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ReplicaR

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ReplicaR last won the day on September 12

ReplicaR had the most liked content!

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About ReplicaR

  • Rank
    Member
  • Birthday 06/17/1983

Profile Information

  • Member No
    00036

My SN95

  • Year
    1994
  • Model
    GT
  • Car
    1994 Mustang GT
  1. So, I took the car back. After driving it around the block, I can definitely tell that the brake pedal is a bit better. There is definitely more travel, it feels a bit more OEM-ish, although still a bit harder than I'd like it to be. Even though it's a full factory setup now, it still doesn't feel as nice as vacuum brakes did on the pedal and modulation, but it will have to do. The biggest thing for me now is to relearn how to brake on this car, since I've been spoiled by outstanding system in my daily driver, and I haven't had any seat time in this in almost a full year. Next up is the tune rework and a trip alignment shop, after which the car will get a shakedown at the autoX.
  2. They are around 20 dollars, but I've reviewed the site more, and it seems like they have very specific applications. Now that I've done a bit of memory searching, I realized that my lines were custom made by the shop that handled the swap.
  3. Oh, those lines! I think MM has the lines just for the application, I would assume. They make so many different versions.
  4. I didn't do any of the work, so I wouldn't know. Sorry, can't help you there.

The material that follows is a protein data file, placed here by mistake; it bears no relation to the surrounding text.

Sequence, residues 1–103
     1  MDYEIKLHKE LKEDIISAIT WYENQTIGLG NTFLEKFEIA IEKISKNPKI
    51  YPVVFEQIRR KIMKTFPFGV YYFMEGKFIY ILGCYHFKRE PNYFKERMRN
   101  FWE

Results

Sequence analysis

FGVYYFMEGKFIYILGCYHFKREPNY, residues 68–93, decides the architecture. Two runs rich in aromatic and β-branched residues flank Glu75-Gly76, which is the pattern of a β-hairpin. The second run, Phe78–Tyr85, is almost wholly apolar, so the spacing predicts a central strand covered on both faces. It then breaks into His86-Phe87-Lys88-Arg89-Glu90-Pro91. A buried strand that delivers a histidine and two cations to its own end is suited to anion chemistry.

5. I did. As far as I was able to tell, no difference in the brake bias or the way ABS functioned before or after. I highly doubt you have to swap over ABS and proportioning valve from the hydroboost car, since all you're changing is how the brakes are assisted, not necessarily how the ABS system works.
  6. All plumbed up and fully functional. Before it was just a mock-up fully installed. This time the lines are all there, including reservoir.
  7. The conversion is done! All that's left is to run it a bit longer, get a different size belt, because it's a bit tight, make sure that it tracks straight, and it's off to the next part of the modification.
  8. The reason for hydroboost conversion is because the cam profile weakened the brakes significantly (not enough vacuum). It was either this, or manual brakes conversion, which I'm not completely thrilled about. I only have the hydroboost unit and pedal box right now, powered by stock power steering pump, which is why the pedal feel is total trash. Hoping converting to the correct power steering pump will take care of that, because that would be the whole hydroboost system end to end.
  9. One step closer to having full hydroboost conversion done. Pressure line has to be redone, and install reservoir.
  10. The whole idea of hydrooboost is a decent one, especially because it's a factory setup, but you may want to just look into a vacuum pump instead. For me it wasn't an option, since a vacuum pump won't be able to keep up with high demand of road racing, but for a street car, it should be more than sufficient. Something else to keep in mind is that hydroboost is an afterthought. Even Ford admitted that once they went to S197 chassis, and they had enough room to mount the vacuum assisted brake setup. It doesn't have the feel of vacuum brakes (much better ability to read what's happening with brakes), there is some cross chatter if you're trying turn and brake at the same time. If I could have made the vacuum brakes work well, I would have kept them.
  11. Got the parts necessary for the conversion of power steering pump. The mockup will be done next week. Just the pump and pulley are necessary for now. If I can get those working, the lines and reservoir should be a breeze.
  12. The Madd Motorsports POS

    You should try using your arms then. Trollololololol